nep-mkt New Economics Papers
on Marketing
Issue of 2015‒11‒15
seven papers chosen by
João Carlos Correia Leitão
Universidade da Beira Interior

  1. Curious about the price? Consumers' behavior in price reveal auctions By Andrea Gallice; Giuseppe Sorrenti
  2. Search Online – Purchase Online in Franchising: An Empirical Analysis of Franchisor Website Functionality By Thierry Pénard; Rozenn Perrigot
  3. Retail competition with switching consumers in electricity markets By Carlos Ruiz Mora; Francisco J. Nogales Martín; Francisco Javier Prieto Fernández
  4. A Threshold Model for Discontinuous Preference Change and Satiation By Nobuhiko Terui; Shohei Hasegawa; Greg M. Allenby
  5. Measuring the Unequal Implications of One Size Fits All Regulation By Jeff Thurk
  6. Why Customer Orientation Does not Necessarily Stimulate Complaint Management Efficiency: The Neglected Role of Orientation Towards Complaints By Daniel Ray; William Sabadie; David Gotteland
  7. An Economic Model of the Stages of Addictive Consumption By Marysia Ogrodnik

  1. By: Andrea Gallice; Giuseppe Sorrenti
    Abstract: We exploit several specific features of a recent online selling mechanism, the so- called price reveal auction, to empirically investigate how consumers' behavior changes in response to an item's intrinsic characteristics and 'social attributes'. We document a significant effect of the item's brand and intended use (outdoor vs. indoor) in influencing an agent's degree of impatience and willingness to pay. We show that, while both vari- ables have some explanatory power when considered in isolation, it is their interaction that really matters. We also study the determinants of the mechanism's profitability and show how, in the context of a price reveal auction, the sale of positional goods may backfire and harm revenues.
    Keywords: price reveal auction, willingness to pay, social attributes, positional goods
    JEL: D44 D12
    Date: 2015
  2. By: Thierry Pénard (CREM, UMR CNRS 6211, Faculty of Economics, University of Rennes 1, France); Rozenn Perrigot (CREM, UMR CNRS 6211, Graduate School of Management (IGR-IAE Rennes), University of Rennes 1, France)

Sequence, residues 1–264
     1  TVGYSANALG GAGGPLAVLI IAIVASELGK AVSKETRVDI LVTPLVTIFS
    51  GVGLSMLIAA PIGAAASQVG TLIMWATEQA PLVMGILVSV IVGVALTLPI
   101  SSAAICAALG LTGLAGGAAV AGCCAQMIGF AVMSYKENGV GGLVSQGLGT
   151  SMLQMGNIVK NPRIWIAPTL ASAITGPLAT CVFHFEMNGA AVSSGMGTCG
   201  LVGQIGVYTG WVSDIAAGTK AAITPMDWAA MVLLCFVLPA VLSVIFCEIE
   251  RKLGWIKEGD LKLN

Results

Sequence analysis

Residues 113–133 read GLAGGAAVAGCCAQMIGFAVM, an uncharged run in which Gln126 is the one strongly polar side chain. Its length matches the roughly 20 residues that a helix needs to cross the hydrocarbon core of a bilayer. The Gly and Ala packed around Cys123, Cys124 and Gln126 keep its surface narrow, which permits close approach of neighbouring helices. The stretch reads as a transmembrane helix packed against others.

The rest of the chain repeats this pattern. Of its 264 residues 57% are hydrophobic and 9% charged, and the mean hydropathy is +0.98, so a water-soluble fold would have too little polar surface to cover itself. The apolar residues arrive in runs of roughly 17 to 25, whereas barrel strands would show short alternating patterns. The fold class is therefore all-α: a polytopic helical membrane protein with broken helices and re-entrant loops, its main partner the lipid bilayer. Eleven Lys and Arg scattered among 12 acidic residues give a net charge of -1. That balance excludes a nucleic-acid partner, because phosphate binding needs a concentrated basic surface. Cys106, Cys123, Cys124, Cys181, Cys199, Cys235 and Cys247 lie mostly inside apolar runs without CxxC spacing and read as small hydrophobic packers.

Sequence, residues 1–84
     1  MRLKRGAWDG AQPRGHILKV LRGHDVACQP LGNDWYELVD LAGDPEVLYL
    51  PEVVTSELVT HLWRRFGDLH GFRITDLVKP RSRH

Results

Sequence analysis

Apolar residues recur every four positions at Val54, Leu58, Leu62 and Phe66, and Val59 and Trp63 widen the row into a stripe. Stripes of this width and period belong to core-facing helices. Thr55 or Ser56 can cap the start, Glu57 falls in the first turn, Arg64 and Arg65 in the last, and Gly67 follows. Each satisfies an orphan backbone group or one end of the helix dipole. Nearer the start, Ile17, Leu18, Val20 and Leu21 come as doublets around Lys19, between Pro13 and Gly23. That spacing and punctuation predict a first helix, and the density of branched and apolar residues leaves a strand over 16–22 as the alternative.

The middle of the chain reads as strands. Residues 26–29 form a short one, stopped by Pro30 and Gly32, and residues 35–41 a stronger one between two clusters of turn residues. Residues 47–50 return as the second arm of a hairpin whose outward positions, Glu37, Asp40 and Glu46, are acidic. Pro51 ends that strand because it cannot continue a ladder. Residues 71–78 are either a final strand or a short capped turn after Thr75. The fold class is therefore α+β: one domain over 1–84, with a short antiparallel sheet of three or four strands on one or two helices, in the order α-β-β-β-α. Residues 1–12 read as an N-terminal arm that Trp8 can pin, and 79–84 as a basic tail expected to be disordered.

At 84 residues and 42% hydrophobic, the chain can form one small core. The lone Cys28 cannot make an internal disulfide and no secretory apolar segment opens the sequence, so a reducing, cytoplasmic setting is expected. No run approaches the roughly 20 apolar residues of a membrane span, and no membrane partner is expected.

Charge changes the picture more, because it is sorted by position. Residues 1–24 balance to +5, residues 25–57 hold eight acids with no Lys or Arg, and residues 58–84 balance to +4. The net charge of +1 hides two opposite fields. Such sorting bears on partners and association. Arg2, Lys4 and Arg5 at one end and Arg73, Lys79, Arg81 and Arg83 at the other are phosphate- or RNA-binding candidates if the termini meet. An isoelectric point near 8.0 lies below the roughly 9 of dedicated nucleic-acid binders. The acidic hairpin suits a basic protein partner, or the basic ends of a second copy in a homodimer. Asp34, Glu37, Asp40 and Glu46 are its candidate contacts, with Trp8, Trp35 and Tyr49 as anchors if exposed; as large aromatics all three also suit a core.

Abstract: Many retailers use the Internet not only to provide final customers with information about their products/services, but also to allow these final customers to buy their products/services online. In the particular case of franchising, franchisors and franchisees can create their own websites, which may raise some issues, mostly in terms of uniformity and encroachment. The aim of this paper is to characterize franchisors’ e-commerce strategies by studying their website functionality. Franchisors can use their website to facilitate consumer search. They can also provide content and tools to promote online purchasing (e.g., promotion codes, online payment, delivery options). Why are some franchisor websites more “search oriented”? What are the factors that influence the provision of informational tools and/or transactional tools? This empirical study is based on a detailed observation of 130 e-commerce websites of franchisors operating their chains in the French market. Results of the three-stage least square regression models (3SLS) show that the percentage of company-owned stores within a chain has a significant and positive impact on the range of “purchase online” functionality and a neutral effect on the range of “search online” functionality. Moreover, the two types of functionality appear to be complementary on franchisor websites. Finally, in more mature franchise chains, franchisors who own a large proportion of stores are less able to exert their decision power and expand the range of online purchase functionality.